Tags: realtime arduino

Streaming realtime EEG data to and from Arduino

The following is a scratch pad for a demo that I (=Robert) have prepared for the BrainGain public showcase event. It consists of three Arduino devices, a Raspberry Pi and and a number of laptops. The flow of the data is as follow

  1. arduino1: read data from a gravity sensor, write to bluetooth just like ModEEG
  2. laptop computer runs the FieldTrip buffer, the modeeg2ft application, and the viewer application for the visualization of the 3 sensor channels
  3. arduino2: connects to the network, read data from FieldTrip buffer, write to RFM12b
  4. arduino3: read data from RFM12b, blink leds

Other laptop computers and a Raspberry Pi were connected simultaneously to show (using the viewer realtime visualization) that the FieldTrip realtime EEG interface runs on various operating systems (Windows, Linux, OS X) and on various hardware architectures (Intel, PPC, ARM).

Arduino 1: simulate EEG recording

The purpose of this device is to simulate an online data stream using a gravity sensor. By shaking the box, the (x, y, z) signals will fluctuate. This is sent over bluetooth to a computer, which can visualize and/or process the continuously sampled signal as if it were normal EEG.

It is based on a Sparkfun Pro Micro 3V3. The connection to the “EEG acquisition” computer is through a BlueSMiRF bluetooth modem. The realtime signal is provided by a triple axis accelerometer module.

The Bluetooth module was configured with the following settings. See http://www.sparkfun.com/datasheets/Wireless/Bluetooth/rn-bluetooth-um.pdf

***Settings***
BTA=00066649542F
BTName=RN42-542F
Baudrt=57.6
Parity=None
Mode  =Slav
Authen=0
Encryp=0
PinCod=1234
Bonded=0
Rem=000666495493

The modeeg synchronization code is 0xA5 0x5A, or 165 90 in decimal.

Arduino 2: interface with FieldTrip buffer

The purpose of this device is to demonstrate that an arduino with ethershield is capable of connecting to a FieldTrip buffer over TCP/IP, read the data and do something with it. This device is connected with Ethernet, reads some data and passes it on using a wireless RFM12b (433/886 MHz) connection.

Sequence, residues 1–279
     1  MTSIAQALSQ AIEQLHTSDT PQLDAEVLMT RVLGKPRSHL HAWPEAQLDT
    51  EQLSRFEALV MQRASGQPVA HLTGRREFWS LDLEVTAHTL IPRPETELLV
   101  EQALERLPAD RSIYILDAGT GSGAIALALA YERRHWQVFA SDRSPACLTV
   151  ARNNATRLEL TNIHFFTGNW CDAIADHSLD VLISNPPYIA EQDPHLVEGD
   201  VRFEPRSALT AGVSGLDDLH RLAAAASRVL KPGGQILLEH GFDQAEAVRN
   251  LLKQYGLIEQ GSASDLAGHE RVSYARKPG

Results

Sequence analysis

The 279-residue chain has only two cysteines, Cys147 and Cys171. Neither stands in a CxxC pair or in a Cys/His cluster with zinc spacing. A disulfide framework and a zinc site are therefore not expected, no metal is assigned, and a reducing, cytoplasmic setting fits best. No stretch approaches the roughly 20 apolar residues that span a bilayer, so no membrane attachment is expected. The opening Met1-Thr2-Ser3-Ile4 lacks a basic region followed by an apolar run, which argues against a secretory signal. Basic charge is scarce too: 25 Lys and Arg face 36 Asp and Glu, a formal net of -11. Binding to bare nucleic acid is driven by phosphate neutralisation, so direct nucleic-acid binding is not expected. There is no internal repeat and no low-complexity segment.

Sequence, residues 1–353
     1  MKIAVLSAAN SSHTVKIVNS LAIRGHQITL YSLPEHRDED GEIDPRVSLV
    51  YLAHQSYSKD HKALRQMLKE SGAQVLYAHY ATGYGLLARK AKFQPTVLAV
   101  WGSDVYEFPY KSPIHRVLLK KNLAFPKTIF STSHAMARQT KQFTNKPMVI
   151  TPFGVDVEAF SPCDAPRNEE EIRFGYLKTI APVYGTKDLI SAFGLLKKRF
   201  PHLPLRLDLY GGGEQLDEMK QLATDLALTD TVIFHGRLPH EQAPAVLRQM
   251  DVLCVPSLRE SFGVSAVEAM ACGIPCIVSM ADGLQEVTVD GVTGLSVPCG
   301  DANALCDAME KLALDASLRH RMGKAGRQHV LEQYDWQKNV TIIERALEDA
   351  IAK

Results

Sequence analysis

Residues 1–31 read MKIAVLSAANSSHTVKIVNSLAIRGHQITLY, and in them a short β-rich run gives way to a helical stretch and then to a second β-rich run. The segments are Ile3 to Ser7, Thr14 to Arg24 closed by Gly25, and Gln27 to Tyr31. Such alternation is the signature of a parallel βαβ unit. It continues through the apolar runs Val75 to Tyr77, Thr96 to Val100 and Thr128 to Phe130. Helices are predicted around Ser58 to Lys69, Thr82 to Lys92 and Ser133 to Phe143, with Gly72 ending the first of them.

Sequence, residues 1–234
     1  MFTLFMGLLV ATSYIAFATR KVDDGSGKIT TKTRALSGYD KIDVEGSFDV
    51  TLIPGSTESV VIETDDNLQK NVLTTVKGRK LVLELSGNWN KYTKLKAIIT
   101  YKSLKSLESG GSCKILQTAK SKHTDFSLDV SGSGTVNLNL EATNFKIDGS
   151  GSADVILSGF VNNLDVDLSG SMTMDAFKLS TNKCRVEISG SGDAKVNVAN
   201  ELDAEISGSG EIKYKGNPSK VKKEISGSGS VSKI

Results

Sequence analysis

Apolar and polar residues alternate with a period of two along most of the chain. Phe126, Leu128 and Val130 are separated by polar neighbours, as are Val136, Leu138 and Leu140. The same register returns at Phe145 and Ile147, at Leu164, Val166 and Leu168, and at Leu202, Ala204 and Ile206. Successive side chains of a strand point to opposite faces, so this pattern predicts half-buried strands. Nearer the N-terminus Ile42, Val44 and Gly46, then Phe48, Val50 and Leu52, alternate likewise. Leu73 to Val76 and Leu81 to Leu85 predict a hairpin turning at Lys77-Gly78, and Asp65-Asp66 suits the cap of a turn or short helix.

It is based on a <del>Sparkfun Pro Micro</del> Arduino Pro Mini 3V3. Ethernet is provided by a WIZnet W5100 network module. Wireless connectivity is provided by a RFM12B module.

This comment gives the SPI interface pins for the Sparkfun Pro Micr

  • SPI: 10 (SS), 16 (MOSI), 14 (MISO), 15 (SCK)

  • External Interrupts: ?

The SPI interface for the Arduino Pro Mini is on

  • SPI: 10 (SS), 11 (MOSI), 12 (MISO), 13 (SCK)

The WIZnet W5100 pin connections ar

WIZnet W5100 Sparkfun Pro Micro Arduino Pro Mini
J1-1 (MOSI) 16 11
J1-2 (MISO) 14 12
J2-1 (3.3) 3.3v 3.3v
J2-2 (RESET) Reset Reset
J2-3 (SCLK) 15 13
J2-4 (SCS) 10 10
J2-9 (GND) Ground Ground

The connections for an Arduino Uno to an RFM12B module are given here, here and here.

I am using the DIP version of the RFM12B module. The pin connections ar

RFM12B Arduino Pro Mini
VDD 3.3v
SCK 13 (SCK)
SDO 12 (MISO)
FSK/DATA/nFSS  
CLK  
GND GND
nINT/VDI  
SDI 11 (MOSI)
nSEL 10 (SS)
nIRQ IRQ
DCLK/CFIL/FFIT  
nRES  

Arduino 3: linear LED array

The purpose of this device is to demonstrate that something can be controlled. It reads the control signal using a wireless RFM12b (433/886 MHz) connection and visualizes it with a 10-segment LED array. Instead of driving the LED array, it could also act as a switch or drive a servo motor.

It is based on a <del>3V3 Arduino Pro Mini</del> 5V Arduino Mini.

  • SPI: 10 (SS), 11 (MOSI), 12 (MISO), 13 (SCK)

  • External Interrupts: 2 and 3 (?)

Wireless connectivity is provided by a RFM12B module and uses this library.

See also